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Hot Publication - Hill et al.

White Matter Microstructure, Alcohol Exposure, and Familial Risk for Alcohol Dependence

Hill SY, Terwilliger R, McDermott M

Numerous investigations that focus on individuals with chronic alcohol dependence show that long-term consumption of alcohol is associated with both brain morphological and neurocognitive changes. There is an intriguing possibility that some of the observed variation in structural and functional characteristics of individuals who are heavy consumers of alcohol may have existed prior to the initiation of drinking, and that some of these characteristics may actually be markers of vulnerability. Greater susceptibility for developing alcohol dependence may be related to structural underpinnings of behavioral traits that predispose individuals to alcohol dependence.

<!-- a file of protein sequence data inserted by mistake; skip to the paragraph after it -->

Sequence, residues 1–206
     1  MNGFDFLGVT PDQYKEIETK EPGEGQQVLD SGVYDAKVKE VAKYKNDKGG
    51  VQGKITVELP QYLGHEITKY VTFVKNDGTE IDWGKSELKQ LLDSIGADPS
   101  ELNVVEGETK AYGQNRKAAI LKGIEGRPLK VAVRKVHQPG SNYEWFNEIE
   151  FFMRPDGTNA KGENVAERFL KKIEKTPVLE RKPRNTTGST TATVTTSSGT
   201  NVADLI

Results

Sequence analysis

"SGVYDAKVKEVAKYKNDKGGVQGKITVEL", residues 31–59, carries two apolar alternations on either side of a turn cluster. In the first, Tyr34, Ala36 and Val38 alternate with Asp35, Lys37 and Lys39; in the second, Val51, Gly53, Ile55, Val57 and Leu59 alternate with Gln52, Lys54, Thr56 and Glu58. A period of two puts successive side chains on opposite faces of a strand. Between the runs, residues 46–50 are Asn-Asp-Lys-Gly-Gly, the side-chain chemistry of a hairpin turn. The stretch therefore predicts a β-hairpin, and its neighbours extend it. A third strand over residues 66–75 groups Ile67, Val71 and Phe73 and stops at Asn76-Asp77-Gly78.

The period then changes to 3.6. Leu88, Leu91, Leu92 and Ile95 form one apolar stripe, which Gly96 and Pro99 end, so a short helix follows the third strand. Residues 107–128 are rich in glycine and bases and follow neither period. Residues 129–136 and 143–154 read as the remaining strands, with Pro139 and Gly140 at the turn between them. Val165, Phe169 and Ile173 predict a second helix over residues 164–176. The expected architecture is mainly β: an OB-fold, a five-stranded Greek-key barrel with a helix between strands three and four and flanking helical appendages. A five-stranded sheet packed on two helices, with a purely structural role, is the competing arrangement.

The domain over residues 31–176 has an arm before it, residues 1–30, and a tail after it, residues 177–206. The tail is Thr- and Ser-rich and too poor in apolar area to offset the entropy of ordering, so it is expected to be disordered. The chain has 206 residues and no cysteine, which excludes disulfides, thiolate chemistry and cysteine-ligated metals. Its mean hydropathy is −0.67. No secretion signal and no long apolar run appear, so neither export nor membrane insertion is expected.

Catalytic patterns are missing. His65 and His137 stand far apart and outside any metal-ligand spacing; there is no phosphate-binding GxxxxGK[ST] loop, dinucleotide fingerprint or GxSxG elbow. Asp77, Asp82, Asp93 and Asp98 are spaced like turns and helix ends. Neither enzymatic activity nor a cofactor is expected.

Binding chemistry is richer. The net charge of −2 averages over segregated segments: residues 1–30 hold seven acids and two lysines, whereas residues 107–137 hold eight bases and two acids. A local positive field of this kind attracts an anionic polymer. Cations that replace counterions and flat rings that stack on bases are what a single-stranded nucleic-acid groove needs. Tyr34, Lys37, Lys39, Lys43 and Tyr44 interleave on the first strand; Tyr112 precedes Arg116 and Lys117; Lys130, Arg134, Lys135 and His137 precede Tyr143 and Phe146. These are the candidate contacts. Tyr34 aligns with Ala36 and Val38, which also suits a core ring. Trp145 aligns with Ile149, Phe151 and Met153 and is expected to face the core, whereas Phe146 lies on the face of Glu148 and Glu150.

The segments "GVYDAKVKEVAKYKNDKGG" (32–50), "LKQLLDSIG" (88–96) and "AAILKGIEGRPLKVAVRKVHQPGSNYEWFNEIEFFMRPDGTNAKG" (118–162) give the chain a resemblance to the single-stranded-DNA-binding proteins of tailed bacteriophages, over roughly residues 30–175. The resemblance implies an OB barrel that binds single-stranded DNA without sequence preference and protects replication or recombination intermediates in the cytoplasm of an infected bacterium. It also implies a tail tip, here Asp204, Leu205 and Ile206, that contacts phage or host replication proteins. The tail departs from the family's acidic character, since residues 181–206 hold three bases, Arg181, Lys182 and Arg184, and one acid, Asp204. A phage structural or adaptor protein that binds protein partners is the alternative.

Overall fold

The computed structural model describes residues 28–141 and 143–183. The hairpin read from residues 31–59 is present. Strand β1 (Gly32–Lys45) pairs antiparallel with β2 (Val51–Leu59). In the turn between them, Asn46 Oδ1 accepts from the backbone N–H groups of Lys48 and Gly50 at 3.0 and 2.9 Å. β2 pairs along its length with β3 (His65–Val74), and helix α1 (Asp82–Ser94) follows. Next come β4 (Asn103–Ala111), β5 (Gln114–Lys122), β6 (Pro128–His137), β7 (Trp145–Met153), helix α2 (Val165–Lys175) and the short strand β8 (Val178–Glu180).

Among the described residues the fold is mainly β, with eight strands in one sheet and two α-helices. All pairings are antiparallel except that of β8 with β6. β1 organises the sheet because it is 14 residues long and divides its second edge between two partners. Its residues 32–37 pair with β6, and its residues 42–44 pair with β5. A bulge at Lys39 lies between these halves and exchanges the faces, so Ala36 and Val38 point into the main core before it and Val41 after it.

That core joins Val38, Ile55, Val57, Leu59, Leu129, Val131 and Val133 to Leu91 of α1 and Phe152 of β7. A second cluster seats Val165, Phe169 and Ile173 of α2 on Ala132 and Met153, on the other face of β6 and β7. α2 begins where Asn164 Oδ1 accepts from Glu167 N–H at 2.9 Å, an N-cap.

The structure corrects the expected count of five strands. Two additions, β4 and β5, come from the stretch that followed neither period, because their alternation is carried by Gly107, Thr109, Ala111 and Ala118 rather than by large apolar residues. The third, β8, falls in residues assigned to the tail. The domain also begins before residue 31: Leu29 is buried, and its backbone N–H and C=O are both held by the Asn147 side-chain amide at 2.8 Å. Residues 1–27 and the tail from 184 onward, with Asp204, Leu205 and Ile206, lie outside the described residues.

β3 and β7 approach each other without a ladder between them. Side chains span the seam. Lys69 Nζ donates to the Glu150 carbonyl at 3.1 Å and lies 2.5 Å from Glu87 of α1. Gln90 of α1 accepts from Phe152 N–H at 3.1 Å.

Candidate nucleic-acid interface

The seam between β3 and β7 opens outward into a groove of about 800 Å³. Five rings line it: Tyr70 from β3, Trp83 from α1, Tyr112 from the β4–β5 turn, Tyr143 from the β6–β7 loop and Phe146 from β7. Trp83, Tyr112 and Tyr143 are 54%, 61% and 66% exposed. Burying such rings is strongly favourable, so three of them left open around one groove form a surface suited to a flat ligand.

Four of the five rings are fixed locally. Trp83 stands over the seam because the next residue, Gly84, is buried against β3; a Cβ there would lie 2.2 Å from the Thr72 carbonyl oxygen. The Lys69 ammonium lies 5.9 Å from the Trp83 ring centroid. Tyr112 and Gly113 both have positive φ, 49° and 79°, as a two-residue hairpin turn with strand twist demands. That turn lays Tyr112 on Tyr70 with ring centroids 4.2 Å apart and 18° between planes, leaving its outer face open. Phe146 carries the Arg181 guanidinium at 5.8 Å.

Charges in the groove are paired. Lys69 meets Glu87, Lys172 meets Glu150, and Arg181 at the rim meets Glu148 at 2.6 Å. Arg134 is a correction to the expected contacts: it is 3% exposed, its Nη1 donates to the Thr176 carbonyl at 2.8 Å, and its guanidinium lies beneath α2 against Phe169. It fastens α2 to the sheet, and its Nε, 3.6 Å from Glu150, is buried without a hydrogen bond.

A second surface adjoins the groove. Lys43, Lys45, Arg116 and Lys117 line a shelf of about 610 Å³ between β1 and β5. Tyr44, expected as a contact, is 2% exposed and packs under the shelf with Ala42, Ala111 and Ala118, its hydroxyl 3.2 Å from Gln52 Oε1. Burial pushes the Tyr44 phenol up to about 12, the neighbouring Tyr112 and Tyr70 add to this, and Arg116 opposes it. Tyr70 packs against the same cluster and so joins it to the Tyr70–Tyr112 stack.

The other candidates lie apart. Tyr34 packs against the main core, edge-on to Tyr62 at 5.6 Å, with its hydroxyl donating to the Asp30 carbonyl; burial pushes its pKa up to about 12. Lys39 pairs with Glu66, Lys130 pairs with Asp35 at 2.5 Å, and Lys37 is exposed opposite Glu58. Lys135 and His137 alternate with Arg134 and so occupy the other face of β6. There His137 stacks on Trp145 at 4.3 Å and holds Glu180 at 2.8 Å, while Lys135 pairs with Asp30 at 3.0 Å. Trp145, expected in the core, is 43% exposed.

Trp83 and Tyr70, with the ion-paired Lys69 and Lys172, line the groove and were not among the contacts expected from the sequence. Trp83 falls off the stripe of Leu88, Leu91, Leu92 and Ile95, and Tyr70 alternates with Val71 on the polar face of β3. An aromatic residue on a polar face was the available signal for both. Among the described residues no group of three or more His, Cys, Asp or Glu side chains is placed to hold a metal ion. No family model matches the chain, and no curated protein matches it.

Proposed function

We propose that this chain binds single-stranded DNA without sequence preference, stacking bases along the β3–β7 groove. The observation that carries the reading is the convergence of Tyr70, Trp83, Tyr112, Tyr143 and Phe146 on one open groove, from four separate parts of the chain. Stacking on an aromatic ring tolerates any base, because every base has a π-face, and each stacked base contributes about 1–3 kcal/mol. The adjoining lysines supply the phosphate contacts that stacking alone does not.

A study by Dr. Hill and colleagues examined white matter integrity in 44 individuals with a high density of alcohol dependence in their families, and 37 individuals without a family history for either alcohol or drug dependence. Magnetic resonance images were acquired, and the fractional anistropy, apparent diffusion coefficient, radial diffusivity and longitudinal (axial) diffusivity were calculated for major white matter tracts in both hemispheres. Extensive personal histories of alcohol and drug use were available from longitudinal collection of data allowing for reliable estimates of alcohol and drug exposure.

Results showed that the interaction of personal exposure to alcohol and familial risk for alcohol dependence predicts reduced white matter integrity for the inferior longitudinal fasciculus (ILF) and the superior longitudinal fasciculus (SLF) in the left hemisphere and the forceps major tract. Only one tract showed a significant difference for exposure alone, the anterior thalamic radiation.

Contributors:
Shirley Y. Hill, PhD, Robert Terwilliger, PhD, Michael McDermott  (Department of Psychiatry, University of Pittsburgh)

The results of this investigation were published in Psychiatry Research: Neuroimaging. Click here for a link to the abstract.